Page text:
The Enduring Sacred Landscape of the Naga
Capturing the vanishing memory of ancient rituals, recited texts, and places imbued with echoes of the past, The Enduring Sacred Landscape of the Naga recounts the lived texture of human experience in the Mekong River valley. The book reconstructs the history of those areas fused with legends and lore of the tutelary spirits of the region known as the ngu (serpent), ngeuak (salt-water crocodile), and naga (supernatural beings with both snake and human attributes).
While naga iconography adorns Buddhist temples throughout Southeast Asia, particularly in Laos and northeastern Thailand, the nagaʼs pervasive presence is slowly fading from collective memory. By recording extant oral traditions and relying on the fourteenth-century palm-leaf chronicle Urangkhathat, which many Western scholars have found to be undecipherable, the authors take the reader on a journey of the sacred sites and culture of the region, its reality and nether world, and the flesh, bone, and soul of the naga. Richly illustrated with nearly a hundred photographs, this book will serve as an evocative testament to the unique cultural traditions of the Mekong Basin.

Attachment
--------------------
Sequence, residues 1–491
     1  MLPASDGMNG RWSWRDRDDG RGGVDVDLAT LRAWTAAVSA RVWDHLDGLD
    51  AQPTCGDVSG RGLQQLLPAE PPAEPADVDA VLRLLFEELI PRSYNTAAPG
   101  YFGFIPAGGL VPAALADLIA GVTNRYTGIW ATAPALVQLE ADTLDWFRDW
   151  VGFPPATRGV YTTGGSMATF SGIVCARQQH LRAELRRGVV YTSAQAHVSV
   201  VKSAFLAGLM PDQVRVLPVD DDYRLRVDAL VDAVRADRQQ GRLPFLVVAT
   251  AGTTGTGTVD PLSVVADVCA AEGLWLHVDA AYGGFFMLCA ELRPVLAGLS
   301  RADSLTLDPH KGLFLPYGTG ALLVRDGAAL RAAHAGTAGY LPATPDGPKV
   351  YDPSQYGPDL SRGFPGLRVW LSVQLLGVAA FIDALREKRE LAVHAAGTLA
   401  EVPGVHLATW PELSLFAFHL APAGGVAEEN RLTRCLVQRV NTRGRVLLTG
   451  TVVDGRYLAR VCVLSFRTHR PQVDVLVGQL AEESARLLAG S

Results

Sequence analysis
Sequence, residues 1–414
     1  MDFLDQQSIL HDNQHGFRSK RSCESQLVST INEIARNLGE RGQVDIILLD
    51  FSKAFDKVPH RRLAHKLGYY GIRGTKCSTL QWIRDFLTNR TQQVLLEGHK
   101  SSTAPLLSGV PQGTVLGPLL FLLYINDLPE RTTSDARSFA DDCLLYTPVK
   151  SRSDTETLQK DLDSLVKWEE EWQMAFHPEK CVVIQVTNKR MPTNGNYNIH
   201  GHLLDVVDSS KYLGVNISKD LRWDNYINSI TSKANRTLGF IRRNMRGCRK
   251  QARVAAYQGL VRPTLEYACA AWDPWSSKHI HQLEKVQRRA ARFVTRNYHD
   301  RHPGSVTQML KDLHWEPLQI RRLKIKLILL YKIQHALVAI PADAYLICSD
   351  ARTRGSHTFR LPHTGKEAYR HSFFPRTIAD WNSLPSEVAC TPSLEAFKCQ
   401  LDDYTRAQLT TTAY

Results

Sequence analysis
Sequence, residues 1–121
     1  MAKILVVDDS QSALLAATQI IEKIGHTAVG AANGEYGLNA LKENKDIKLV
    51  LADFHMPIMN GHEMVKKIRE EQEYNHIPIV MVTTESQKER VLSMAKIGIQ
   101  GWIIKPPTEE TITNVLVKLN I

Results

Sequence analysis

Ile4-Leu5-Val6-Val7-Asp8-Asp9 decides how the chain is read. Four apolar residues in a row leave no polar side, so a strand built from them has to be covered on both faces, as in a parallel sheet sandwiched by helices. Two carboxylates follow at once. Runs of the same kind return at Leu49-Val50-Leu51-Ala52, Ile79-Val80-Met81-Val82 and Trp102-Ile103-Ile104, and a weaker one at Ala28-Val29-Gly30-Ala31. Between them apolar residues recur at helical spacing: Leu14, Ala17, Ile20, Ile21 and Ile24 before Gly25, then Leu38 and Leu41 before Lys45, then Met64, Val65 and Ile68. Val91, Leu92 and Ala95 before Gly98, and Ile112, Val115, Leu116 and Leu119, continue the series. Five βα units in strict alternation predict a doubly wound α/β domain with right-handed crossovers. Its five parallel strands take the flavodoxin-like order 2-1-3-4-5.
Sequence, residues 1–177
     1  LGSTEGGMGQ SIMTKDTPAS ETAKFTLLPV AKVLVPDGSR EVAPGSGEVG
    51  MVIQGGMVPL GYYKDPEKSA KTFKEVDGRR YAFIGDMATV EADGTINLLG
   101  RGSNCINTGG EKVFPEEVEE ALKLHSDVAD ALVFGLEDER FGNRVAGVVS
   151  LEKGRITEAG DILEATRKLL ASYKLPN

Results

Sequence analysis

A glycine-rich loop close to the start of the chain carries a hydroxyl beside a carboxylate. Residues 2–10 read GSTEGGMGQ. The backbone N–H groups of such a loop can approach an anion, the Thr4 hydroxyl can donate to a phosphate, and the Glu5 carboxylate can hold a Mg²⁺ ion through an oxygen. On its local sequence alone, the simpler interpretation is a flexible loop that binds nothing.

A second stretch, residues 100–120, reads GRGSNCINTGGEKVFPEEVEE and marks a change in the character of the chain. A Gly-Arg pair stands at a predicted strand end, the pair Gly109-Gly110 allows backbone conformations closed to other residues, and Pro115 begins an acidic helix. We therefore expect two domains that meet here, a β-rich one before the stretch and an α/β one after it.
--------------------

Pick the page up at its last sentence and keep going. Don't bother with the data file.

About the Author(s)
Breaking New Ground in Lao History: Essays on the Seventh to Twentieth Centuries (Mayoury Ngaosrivathana and Kennon Breazeale, eds., Silkworm Books).and are two of Laosʼs foremost scholars of historical and contemporary developments within the central Mekong region. They have published widely on a variety of topics, including the volume